* Chinese aluminium output up 4.1 pct in May vs April-IAI
* Speculators take record short copper position in COMEX
* ShFE nickel up, tracks LME nickel on consumer interest (Updates with closing prices)
By Eric Onstad
LONDON, June 20 (Reuters) - Copper and other base metals extended gains on Monday as concern that Britain might leave the European Union eased and nickel hit a six-week peak on concern about top supplier Philippines.
The London Metal Exchange complex, also bolstered by a weaker dollar, joined shares and oil in sweeping higher after polls tilted away from a “Brexit” vote on Thursday.
“The recent polls have given an impetus to the market. The FTSE (share index) is up and that’s flowing through into today’s more risk-friendly environment. But that can change hour by hour - the roller coaster ride will continue,” said Robin Bhar, head of metals research at Societe Generale.
Three-month LME copper closed up 2 percent at $4,644 a tonne, after small gains on Friday. Prices are building a fragile base above $4,483.50, a four-month bottom hit on June 9, in a well-supplied market.
Bhar, back from last week’s metals industry event in Hong Kong, cautioned that even if Britain votes to stay in the EU, the market had limited upside.
“If ‘Remain’ is the result, we could have a knee-jerk rally but that should be sold into,” he said. “The mood at LME Week Asia was pretty bearish, there are no real factors to justify a move higher, so the default will be a slow ratcheting lower in prices over the slow summer period.”
Nickel was the top LME performer on Monday, gaining 2.3 percent to finish at $9,280, the strongest since May 5.
Nickel on the Shanghai Futures Exchange rallied 2.8 percent, tracking Friday’s gains in London, after a large stock withdrawal from available LME inventories and increasing buying interest for 2016 from consumers, broker Triland said in a note.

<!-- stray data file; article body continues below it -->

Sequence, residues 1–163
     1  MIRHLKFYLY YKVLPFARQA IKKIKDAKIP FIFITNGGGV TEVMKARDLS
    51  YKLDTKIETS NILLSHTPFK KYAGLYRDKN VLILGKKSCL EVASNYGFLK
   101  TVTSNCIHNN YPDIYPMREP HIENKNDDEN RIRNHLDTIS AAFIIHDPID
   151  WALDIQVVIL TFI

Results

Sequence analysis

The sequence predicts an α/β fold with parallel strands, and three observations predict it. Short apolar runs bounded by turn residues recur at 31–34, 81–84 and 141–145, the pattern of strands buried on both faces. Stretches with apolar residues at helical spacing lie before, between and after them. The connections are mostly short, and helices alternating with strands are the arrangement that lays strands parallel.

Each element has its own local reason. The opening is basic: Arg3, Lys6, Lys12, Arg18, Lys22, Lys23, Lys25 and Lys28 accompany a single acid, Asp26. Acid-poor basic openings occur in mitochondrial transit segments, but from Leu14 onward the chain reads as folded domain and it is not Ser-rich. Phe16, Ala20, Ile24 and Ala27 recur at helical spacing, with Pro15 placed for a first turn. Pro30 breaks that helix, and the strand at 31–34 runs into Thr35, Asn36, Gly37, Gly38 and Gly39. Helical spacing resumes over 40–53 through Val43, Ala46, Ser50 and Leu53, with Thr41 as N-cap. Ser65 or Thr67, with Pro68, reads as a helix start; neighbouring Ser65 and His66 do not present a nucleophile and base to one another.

There has also been persistent concern about supply from the Philippines after the new president warned mining companies earlier this month about environmental damage, Commerzbank said.
“If mines were actually to be closed, which would then reduce supply, the situation on the world market would also tighten further,” the bank said in a note.
Also bolstering the metals markets was a weaker dollar , which makes commodities priced in it cheaper for holders of other currencies.
Aluminium ended up 1.1 percent at a six-week high of $1,633 despite data showing its production in top producer China rose 4.1 percent in May compared to April.
Some analysts have warned that aluminium’s gains this year of about 8 percent could be vulnerable to additional supply after Chinese smelters restarted on the back of firmer prices.
Zinc rose 1.5 percent to close at $2,010, lead climbed 1.7 percent to finish at $1,722 and tin fell 0.3 percent to $16,975.
Three month LME copper
Most active ShFE copper
Three month LME aluminium
Most active ShFE aluminium
Three month LME zinc
Most active ShFE zinc
Three month LME lead
Most active ShFE lead
Three month LME nickel
Most active ShFE nickel
Three month LME tin
Most active ShFE tin
Additional reporting by Melanie Burton in Melbourne; Editing by Ruth Pitchford and Susan Fenton